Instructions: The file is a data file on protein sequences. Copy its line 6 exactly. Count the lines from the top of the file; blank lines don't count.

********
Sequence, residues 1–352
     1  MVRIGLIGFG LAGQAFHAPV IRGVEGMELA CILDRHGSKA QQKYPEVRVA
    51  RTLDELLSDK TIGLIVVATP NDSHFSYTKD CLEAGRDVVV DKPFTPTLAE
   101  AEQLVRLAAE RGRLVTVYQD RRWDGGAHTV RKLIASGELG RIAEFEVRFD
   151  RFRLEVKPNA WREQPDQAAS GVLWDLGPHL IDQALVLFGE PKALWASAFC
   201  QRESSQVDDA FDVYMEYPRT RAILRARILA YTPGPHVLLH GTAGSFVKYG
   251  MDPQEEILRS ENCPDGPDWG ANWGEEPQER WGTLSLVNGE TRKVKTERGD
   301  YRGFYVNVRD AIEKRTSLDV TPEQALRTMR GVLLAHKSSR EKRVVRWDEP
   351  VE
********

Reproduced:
   201  QRESSQVDDA FDVYMEYPRT RAILRARILA YTPGPHVLLH GTAGSFVKYG